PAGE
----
Down-home humor and an endearing cast of characters helped make "The Andy Griffith Show" one of the most beloved comedies in the history of television. Introduced as a spinoff of "The Danny Thomas Show" in 1960, "The Andy Griffith Show" ran for eight seasons in prime time.
Widower Andy Taylor (Andy Griffith) divides his time between raising his young son, Opie (Ron Howard), and his job as sheriff (and Justice of the Peace) of the sleepy North Carolina town of Mayberry. Andy and Opie live with Andy's Aunt Bee (Frances Bavier), who serves as a surrogate mother to both father and son. Andy's nervous cousin, Barney Fife (Don Knotts), is his deputy sheriff -- whose utter incompetence is tolerated because Mayberry is virtually crime-free.
So wet your whistle, grab your fishing pole and take a trip back to Mayberry with this four-disc set containing the premiere season of the classic hit series!
Since its network debut in 1960, The Andy Griffith Show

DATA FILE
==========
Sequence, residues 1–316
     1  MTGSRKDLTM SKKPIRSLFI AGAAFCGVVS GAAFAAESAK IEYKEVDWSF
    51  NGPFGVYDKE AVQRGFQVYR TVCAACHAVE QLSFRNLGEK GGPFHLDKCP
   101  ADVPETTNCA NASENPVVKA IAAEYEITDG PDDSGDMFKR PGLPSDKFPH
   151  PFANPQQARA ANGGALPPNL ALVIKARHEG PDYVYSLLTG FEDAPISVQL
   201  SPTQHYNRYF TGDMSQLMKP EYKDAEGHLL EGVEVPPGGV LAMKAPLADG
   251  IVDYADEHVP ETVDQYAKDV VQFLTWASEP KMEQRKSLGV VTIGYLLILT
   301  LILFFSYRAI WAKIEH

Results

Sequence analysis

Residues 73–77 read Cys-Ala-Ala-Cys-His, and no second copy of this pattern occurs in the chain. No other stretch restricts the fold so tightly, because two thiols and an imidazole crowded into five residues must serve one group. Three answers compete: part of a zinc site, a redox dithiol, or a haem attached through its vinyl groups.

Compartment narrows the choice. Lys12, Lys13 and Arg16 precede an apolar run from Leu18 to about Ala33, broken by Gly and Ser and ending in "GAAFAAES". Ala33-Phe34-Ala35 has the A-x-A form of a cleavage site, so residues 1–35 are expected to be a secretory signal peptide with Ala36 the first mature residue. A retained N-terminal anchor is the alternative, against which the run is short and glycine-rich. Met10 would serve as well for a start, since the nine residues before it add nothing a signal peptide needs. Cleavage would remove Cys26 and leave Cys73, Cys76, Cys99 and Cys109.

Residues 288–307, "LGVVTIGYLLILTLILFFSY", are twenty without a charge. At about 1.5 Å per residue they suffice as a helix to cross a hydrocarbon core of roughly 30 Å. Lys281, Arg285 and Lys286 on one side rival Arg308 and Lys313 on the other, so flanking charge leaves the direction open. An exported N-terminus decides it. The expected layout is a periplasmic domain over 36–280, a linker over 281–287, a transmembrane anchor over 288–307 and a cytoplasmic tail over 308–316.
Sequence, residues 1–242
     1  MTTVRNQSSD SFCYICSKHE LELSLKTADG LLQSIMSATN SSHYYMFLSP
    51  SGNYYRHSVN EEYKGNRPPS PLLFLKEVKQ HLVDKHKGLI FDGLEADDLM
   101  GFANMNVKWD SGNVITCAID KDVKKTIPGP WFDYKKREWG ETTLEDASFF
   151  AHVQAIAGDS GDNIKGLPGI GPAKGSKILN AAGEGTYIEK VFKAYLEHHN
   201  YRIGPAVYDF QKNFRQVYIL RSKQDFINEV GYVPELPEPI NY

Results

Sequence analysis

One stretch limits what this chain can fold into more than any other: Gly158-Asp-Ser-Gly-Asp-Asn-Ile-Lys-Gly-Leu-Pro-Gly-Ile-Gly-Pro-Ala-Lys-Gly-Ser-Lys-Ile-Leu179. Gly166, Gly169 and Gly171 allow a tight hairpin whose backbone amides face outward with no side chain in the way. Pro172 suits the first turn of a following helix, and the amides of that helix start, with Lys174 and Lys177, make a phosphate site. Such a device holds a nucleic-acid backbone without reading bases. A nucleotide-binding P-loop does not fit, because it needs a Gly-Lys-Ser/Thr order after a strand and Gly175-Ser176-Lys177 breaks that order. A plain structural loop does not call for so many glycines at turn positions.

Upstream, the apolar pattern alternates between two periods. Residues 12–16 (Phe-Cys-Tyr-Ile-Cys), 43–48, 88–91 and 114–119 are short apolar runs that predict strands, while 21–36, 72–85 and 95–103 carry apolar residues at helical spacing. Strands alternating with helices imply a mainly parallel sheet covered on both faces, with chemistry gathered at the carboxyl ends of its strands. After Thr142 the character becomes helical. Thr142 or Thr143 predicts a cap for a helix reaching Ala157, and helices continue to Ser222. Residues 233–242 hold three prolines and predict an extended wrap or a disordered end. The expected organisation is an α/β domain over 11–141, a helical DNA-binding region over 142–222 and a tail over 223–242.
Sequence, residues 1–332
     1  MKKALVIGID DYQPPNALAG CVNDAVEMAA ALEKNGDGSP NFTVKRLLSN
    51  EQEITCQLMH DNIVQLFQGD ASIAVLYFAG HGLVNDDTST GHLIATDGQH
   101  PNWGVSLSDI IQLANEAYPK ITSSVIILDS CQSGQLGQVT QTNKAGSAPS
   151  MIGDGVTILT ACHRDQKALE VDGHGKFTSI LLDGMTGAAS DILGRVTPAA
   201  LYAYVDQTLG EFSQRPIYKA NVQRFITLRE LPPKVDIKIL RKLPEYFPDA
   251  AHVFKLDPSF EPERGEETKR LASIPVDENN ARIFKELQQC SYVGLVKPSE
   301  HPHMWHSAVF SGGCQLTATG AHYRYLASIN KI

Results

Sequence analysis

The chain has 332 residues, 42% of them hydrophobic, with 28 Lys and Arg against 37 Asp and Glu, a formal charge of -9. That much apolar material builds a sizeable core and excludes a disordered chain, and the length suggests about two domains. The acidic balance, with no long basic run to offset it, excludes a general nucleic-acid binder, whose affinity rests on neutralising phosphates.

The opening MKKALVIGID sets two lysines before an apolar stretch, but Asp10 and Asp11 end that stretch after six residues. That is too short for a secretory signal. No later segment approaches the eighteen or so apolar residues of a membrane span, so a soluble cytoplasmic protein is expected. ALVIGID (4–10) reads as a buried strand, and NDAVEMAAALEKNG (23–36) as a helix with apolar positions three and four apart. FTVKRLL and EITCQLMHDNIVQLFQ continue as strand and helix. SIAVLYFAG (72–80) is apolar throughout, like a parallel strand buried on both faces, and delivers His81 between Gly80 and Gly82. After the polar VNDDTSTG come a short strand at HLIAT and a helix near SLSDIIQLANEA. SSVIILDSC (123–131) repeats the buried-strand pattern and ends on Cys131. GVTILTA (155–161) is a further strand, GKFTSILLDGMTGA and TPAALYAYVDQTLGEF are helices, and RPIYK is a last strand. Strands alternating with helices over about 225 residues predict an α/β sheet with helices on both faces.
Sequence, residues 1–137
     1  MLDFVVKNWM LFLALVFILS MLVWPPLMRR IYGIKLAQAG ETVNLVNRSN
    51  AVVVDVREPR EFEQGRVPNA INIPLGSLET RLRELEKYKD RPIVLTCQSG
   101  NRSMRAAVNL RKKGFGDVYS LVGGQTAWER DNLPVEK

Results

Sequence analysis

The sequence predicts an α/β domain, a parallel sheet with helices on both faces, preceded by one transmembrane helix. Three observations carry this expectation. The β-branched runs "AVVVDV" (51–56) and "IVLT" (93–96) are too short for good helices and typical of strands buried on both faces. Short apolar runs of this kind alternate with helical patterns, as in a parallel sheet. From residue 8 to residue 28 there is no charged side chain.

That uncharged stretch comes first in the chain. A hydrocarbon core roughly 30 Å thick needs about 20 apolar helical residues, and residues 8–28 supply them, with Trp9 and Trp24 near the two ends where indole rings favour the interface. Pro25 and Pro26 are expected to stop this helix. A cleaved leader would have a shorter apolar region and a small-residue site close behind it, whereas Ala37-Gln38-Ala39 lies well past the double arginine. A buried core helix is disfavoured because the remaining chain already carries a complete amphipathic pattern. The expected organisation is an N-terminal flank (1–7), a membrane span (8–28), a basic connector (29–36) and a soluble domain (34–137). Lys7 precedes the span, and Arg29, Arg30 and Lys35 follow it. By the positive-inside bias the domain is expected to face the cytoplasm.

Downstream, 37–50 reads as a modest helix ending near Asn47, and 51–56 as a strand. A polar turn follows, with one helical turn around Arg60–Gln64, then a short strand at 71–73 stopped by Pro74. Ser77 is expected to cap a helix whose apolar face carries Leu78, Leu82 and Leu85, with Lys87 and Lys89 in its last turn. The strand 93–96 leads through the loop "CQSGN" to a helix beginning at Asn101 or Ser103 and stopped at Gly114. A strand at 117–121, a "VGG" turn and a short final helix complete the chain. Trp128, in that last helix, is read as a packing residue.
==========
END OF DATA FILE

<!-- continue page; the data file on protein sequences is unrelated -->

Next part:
has been a viewer favorite thanks to its folksy, nostalgic charm and memorable cast, both of which shine in this set featuring the series' debut season. Originally spun off from an episode of Make Room for Daddy
(both series shared producers Sheldon Leonard and Danny Thomas), The Andy Griffith Show
centered around the lives of small-town sheriff Andy Taylor (the marvelously dry Griffith), his son Opie (Ron Howard), cousin and deputy Barney Fife (multiple Emmy winner Don Knotts), and the other gentle eccentrics of Mayberry (which was based on Griffith's real hometown). But while other "rural" programs poked fun at its characters (The Real McCoys
, The Beverly Hillbillies
), The Andy Griffith Show
never stooped to stereotypes, preferring instead to draw its humor from the fine writing and cast, which counted Frances Bavier as Aunt Bee, Howard McNear as Floyd the Barber, and Hal Campbell as Mayberry's benevolent drunk, Otis, among the first season ensemble. All 32 episodes (including the epilogues, which are rarely aired in syndication) are compiled on this four-disc set, which regrettably lacks any supplemental features. --Paul Gaita